TORONTO — As Drake was showered with loud applause when he was introduced early in Game 2 of the NBA Finals, the Scotiabank Arena celebrity sighting segment of the night appeared to be over. But the PA announcer saved the best for last when he introduced Barack Obama to the crowd. The 44th president of the United States received a standing ovation accompanied by “MVP” chants usually reserved in this building for Toronto Raptors forward Kawhi Leonard.
More than two years after his presidency ended, Obama continues to be greeted with genuine love, even across the border. For Obama, who walked into the building sporting a stylish black leather jacket, it was the first NBA Finals he’s attended since watching the Chicago Bulls against the Seattle SuperSonics at the United Center in 1996. And it’s probably safe to say his vantage point as a Chicago law firm associate was probably not as good as the midcourt view he shared sitting next to NBA commissioner Adam Silver about 20 rows up from the court.
For Obama, this was more than simply dropping in on a game. It’s also a sign of a closer bond with the sport. Earlier this year, it was announced he will have a role with the Basketball Africa League (BAL) that will launch with 12 teams across the continent next year.
“It’s awesome,” said Raptors forward Pascal Siakam, who was born in Cameroon, when asked about Obama’s presence and involvement with the league. “I’ll do my best to help with it because guys like Luc Mbah a Moute (a 10-year NBA veteran who was also born in Cameroon) helped me out in terms of bringing awareness to the game. To present kids in Africa the opportunity to know about the game is great.”
Seated behind Obama during the game was Amadou Gallo Fall, who last week was named the president of the Basketball Africa League after serving as a vice president of NBA Africa. While Fall didn’t want to discuss Obama’s still-to-be-determined role with the new league, whose 12 teams will be announced after a qualifying tournament later this year, he shared his feelings about a game that is increasing in stature across the continent.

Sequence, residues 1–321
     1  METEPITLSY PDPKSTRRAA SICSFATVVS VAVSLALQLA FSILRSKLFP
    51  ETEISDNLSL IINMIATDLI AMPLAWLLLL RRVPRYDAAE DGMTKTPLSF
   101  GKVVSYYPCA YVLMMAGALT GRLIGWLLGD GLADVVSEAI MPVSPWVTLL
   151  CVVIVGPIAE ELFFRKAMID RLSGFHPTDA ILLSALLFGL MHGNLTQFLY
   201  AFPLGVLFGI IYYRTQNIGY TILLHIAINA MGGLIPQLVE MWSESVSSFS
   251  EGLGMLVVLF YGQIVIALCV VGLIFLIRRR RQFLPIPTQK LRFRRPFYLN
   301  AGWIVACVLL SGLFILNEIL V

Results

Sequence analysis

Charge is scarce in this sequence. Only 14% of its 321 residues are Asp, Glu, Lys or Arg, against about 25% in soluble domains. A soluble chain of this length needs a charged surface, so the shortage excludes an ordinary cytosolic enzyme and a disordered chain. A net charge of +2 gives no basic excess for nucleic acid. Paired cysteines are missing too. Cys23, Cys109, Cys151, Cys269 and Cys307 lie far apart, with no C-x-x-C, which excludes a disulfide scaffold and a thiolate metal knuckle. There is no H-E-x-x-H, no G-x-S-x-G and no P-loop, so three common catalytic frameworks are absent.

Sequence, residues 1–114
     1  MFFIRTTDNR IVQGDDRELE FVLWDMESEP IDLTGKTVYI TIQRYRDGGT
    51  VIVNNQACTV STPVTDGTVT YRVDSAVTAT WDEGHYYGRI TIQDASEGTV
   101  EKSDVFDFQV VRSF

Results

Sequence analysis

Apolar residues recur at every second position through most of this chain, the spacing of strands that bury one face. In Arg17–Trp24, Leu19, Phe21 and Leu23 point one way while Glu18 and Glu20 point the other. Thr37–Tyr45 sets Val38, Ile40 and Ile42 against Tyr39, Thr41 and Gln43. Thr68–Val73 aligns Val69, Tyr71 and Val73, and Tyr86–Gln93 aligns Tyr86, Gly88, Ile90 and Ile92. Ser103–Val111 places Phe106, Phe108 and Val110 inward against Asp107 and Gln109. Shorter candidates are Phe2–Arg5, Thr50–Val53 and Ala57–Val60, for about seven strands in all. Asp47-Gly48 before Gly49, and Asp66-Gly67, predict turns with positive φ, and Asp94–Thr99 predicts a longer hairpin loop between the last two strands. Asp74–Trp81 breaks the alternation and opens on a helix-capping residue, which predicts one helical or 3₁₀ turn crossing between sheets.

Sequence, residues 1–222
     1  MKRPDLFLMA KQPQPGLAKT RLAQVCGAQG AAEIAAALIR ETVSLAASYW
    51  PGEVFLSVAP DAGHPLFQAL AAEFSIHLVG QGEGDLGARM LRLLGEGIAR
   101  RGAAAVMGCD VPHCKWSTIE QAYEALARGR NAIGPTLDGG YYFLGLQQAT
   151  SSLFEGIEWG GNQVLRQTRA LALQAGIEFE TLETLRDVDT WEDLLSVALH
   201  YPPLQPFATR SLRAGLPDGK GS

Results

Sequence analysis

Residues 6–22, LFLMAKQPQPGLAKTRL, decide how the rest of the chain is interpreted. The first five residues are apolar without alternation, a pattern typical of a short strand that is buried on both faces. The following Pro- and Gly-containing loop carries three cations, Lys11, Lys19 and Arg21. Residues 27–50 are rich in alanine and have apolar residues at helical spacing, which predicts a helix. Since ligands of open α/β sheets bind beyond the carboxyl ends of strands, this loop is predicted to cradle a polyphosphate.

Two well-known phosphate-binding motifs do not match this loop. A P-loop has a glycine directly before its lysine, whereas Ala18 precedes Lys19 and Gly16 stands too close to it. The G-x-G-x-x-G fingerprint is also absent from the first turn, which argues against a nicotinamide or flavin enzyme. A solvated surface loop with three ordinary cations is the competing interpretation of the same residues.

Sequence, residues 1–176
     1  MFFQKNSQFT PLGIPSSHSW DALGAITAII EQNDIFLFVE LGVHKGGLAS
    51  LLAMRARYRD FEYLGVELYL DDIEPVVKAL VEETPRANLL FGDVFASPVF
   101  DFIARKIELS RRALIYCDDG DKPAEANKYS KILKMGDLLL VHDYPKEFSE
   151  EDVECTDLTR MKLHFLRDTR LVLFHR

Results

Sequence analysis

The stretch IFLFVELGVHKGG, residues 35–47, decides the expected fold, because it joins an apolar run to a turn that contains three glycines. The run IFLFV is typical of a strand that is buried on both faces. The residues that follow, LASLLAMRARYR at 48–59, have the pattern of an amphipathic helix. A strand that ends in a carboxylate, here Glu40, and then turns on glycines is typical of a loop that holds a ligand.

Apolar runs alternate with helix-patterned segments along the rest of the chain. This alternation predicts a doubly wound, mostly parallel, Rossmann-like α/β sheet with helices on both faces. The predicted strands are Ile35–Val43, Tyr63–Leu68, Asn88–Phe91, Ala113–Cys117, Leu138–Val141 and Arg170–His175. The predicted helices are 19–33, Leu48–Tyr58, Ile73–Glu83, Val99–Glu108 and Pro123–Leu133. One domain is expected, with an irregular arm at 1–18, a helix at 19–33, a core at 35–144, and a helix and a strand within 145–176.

“We’re going to need all the support we can get in getting this started, and we’re excited,” said Fall, who was born in Senegal and played basketball at the University of the District of Columbia. “With the number of international players in this Finals, including four from Africa, the NBA continues to be global, and we’re proud players from there have a presence both on and off the court, including [Raptors president Masai Ujiri] in a leadership role. When I leave here, I’m going home to continue to build what we know will be a successful league.”
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Silver, who arrived at the game with Obama, understands the importance of global popularity of the NBA; Game 1 broke NBA ratings records across Canada as support of the Raptors has increased across the entire country. Four players in the Finals are either from Africa (Siakam and Serge Ibaka of the Raptors) or had parents who were born there (OG Anunoby of the Raptors and Andre Iguodala of the Golden State Warriors).
“I think it’s one of the places we’re looking in the world where we see enormous opportunity,” Silver said of the NBA’s connection to Africa. “We see enormous opportunity.”
Silver said he’s seen the reach of the game grow via digital media throughout a continent with more than a billion people.
“There are something like 700 million cellphones, 400 million of which are smartphones, so it’s been revolutionary in terms of the people of Africa’s ability to watch our games in real time on handheld devices,” Silver said. “So we see enormous growth opportunities both in terms of players and for participation, and ultimately an interest for the league.”
The involvement of Obama, whose father was from Kenya, makes sense. While the level of his work with the Basketball Africa League remains to be seen, it’s clear, based on the love he received in Toronto on Sunday and in other appearances he’s made, that his participation will provide a tremendous boost.
“It’s special that he’s helping,” Siakam said. “There’s a lot of talent [in Africa], and everyone’s looking forward to seeing how this works out.”